Seeing the Hidden Costs of a Seemingly Good Loan
No matter how much money you make, there will likely be a time when you don’t have enough money to cover all of your expenses and when you start looking at loans as a means of doing so. In fact, whether or not you are a high net worth individual, you probably get constant pitches for installment loans, credit cards and other lending products that make borrowing money seem easy and cheap.
One of the saddest things is that, if you happen not to have a lot of money, you probably have more of these products pitched at you than do the wealthy. Some of these companies profit on desperation.
Even if you are diligent about checking out any credit offering you come across, you could still fall victim to some hidden costs that are buried in the fine print on the contract you sign to get the financing or that are engineered into the product through hard-sell tactics and other shady means of doing business. Here are some of the things you should really keep an eye out for.
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Some of the companies that put out bad installment loans will advertise them as easy, quick ways to deal with a financial shortfall. The hidden cost here is that, when you first take out the loan, each payment you make will be almost completely applied to the interest on the loan. The hidden cost comes when, either because the lender keeps encouraging you to do so or because your financial shortfall lasts longer than you thought it would, you keep refinancing.
This means that, rather than digging into that principle with your payments, you just keep paying interest month after month and you still bear the obligation to pay back the principal. According to TIME, this can drive the interest rate you’re paying up to 500% or more. This is a nasty trap to fall into and it literally is the equivalent of just taking your money and burning it. You get nothing out of paying interest, but the lender gets a tidy profit, hence the efforts to get you to keep refinancing rather than to pay off the loan.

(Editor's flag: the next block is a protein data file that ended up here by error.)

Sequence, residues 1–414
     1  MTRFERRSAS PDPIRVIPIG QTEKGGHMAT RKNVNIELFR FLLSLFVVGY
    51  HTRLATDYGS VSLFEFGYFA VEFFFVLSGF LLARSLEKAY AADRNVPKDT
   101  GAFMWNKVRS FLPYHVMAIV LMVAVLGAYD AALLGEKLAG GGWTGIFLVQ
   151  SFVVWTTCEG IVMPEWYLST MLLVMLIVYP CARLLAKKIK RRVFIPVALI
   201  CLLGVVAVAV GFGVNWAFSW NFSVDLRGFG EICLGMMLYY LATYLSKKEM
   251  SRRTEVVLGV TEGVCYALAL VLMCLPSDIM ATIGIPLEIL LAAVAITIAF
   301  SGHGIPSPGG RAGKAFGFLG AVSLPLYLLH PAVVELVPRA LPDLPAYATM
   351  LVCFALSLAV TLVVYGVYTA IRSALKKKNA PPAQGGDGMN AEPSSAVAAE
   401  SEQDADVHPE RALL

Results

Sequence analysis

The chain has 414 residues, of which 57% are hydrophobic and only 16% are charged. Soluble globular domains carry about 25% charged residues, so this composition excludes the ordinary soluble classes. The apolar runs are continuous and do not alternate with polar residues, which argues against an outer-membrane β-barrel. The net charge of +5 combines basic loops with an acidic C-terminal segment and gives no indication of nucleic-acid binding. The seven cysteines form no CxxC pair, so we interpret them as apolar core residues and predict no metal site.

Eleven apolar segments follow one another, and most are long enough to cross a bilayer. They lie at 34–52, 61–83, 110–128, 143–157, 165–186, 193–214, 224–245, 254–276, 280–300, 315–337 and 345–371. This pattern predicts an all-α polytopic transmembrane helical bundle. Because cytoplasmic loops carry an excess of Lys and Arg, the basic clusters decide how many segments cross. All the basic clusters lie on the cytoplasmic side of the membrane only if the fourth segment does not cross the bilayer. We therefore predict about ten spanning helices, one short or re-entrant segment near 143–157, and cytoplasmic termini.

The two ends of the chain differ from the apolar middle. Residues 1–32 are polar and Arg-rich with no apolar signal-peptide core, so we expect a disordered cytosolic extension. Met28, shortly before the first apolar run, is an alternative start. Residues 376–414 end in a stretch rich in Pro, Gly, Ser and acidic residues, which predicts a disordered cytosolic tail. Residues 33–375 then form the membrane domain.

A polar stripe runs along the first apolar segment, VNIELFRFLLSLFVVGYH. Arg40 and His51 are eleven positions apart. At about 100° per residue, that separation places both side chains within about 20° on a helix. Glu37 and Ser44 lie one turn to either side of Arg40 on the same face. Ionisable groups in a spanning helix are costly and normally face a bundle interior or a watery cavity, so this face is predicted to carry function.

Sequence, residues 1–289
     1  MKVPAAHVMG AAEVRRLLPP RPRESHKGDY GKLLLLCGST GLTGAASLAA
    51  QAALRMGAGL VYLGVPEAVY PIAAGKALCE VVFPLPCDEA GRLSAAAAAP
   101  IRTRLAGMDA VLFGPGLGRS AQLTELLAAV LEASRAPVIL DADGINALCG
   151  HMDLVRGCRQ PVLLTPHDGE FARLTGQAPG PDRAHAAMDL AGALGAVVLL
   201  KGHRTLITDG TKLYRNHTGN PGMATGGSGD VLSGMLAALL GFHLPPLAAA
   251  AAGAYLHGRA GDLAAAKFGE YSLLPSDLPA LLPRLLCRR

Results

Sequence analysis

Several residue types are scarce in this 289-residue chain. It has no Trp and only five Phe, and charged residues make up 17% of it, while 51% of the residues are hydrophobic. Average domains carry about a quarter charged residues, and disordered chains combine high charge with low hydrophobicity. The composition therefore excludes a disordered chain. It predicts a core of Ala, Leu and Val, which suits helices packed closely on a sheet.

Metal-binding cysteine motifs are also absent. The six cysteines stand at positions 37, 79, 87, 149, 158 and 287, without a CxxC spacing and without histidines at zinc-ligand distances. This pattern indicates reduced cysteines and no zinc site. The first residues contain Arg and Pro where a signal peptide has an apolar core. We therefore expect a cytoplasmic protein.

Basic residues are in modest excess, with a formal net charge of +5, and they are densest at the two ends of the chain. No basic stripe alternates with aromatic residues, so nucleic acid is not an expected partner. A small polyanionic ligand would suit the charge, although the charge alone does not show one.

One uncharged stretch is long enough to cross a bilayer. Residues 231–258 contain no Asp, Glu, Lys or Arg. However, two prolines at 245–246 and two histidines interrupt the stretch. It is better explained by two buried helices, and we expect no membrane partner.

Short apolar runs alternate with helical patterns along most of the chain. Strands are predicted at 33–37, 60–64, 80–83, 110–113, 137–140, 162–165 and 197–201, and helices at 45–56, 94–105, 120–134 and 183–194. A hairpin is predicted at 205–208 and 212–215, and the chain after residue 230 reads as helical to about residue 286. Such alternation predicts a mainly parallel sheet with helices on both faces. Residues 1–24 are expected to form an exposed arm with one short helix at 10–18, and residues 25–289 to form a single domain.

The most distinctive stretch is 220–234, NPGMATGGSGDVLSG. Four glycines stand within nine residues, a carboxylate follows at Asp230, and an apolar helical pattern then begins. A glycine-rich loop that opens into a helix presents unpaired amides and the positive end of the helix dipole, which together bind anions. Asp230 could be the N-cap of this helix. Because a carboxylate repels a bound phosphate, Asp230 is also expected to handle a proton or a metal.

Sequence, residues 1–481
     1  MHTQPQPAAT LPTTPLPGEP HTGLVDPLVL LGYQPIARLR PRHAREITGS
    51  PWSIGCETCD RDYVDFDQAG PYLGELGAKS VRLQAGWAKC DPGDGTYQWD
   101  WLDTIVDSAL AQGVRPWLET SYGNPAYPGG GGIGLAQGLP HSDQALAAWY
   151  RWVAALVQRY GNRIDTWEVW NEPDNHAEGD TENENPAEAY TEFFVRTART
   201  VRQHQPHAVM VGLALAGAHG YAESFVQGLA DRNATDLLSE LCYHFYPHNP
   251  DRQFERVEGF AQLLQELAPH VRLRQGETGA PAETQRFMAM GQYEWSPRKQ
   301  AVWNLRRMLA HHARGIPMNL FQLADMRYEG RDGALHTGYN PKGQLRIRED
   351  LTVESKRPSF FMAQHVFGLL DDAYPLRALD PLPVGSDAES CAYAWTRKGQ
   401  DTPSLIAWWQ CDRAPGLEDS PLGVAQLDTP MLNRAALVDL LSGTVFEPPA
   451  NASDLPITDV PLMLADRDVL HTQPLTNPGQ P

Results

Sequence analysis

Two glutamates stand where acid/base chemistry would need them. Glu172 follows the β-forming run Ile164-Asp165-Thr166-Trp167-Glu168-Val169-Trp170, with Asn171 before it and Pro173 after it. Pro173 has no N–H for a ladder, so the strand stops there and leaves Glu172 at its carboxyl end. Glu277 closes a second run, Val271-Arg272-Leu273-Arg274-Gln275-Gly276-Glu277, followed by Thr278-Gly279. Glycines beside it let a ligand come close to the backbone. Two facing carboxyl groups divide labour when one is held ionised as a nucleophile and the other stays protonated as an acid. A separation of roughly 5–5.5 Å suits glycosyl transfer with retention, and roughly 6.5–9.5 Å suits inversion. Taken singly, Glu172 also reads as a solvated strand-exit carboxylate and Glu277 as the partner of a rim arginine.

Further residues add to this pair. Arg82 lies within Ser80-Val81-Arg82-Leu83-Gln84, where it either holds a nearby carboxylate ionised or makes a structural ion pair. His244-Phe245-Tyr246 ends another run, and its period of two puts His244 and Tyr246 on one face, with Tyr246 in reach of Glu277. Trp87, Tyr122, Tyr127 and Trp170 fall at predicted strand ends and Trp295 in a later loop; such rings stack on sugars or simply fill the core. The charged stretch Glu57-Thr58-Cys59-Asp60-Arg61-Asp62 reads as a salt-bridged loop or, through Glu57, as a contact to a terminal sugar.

Early Pay Off Fees
If you’re responsible with money, one of the first things you try to do when you take out a loan is figure out a way to pay it off early. This can boost your credit rating and, of course, it reduces the amount of money you waste on interest payments.
Some loans actually come with an attached fee for paying them off early, which can end up costing you as much as a couple of month’s worth of interest payments. If you’re taking out a quickie loan to cover some unexpected expenses, make sure that you check the fine print for an early payoff fee. If there is one, one of your options is to let the loan ride and make payments until the full term passes or, conversely, to pay off the early payment fee and be done with the loan. Either way, you probably don’t end up with the loan you thought you were getting and certainly not with the financing that you would’ve wanted.
This type of fee is commonly seen with credit card and other types of revolving credit loans. The real danger with these is that they may be applied to your account without you even knowing that you would be paying for them when you got the credit card.
Watch out for these. According to Fox Business, consumers pay $997.9 million each year in service and luxury fees attached to credit cards. The best way to avoid falling prey to these is to make certain that you keep a very close eye on your credit card statement. If you see a charge on there that you don’t recognize, call your company, ask them what it is and, if it is some sort of a service fee, ask them if it is a service that you can opt out of. If they keep attaching these fees to your credit card or other revolving account, get rid of it and get a better one.
They’re Counting on You Not Noticing
There are good lenders out there that offer excellent financial products and that try to make sure you know all of your obligations under the loan when you sign the documents. However, there are also lenders out there that prey on desperation. Read the contract before you sign it, ask about fees if you have questions and, most of all, do not keep rolling over a high interest loan into another loan. Putting yourself further into debt is never going to fix the original debt that you fell into.